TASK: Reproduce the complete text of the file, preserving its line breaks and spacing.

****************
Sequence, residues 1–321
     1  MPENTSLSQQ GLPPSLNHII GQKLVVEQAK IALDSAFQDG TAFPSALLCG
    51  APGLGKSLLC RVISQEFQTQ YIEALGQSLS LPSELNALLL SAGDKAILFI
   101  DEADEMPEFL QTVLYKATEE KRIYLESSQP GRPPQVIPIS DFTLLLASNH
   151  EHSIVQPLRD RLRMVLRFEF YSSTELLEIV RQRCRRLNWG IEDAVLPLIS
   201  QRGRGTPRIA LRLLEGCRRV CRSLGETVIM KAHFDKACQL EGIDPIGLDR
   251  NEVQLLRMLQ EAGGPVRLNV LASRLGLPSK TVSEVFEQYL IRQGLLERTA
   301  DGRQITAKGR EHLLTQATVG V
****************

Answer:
Sequence, residues 1–321
     1  MPENTSLSQQ GLPPSLNHII GQKLVVEQAK IALDSAFQDG TAFPSALLCG
    51  APGLGKSLLC RVISQEFQTQ YIEALGQSLS LPSELNALLL SAGDKAILFI
   101  DEADEMPEFL QTVLYKATEE KRIYLESSQP GRPPQVIPIS DFTLLLASNH
   151  EHSIVQPLRD RLRMVLRFEF YSSTELLEIV RQRCRRLNWG IEDAVLPLIS
   201  QRGRGTPRIA LRLLEGCRRV CRSLGETVIM KAHFDKACQL EGIDPIGLDR
   251  NEVQLLRMLQ EAGGPVRLNV LASRLGLPSK TVSEVFEQYL IRQGLLERTA
   301  DGRQITAKGR EHLLTQATVG V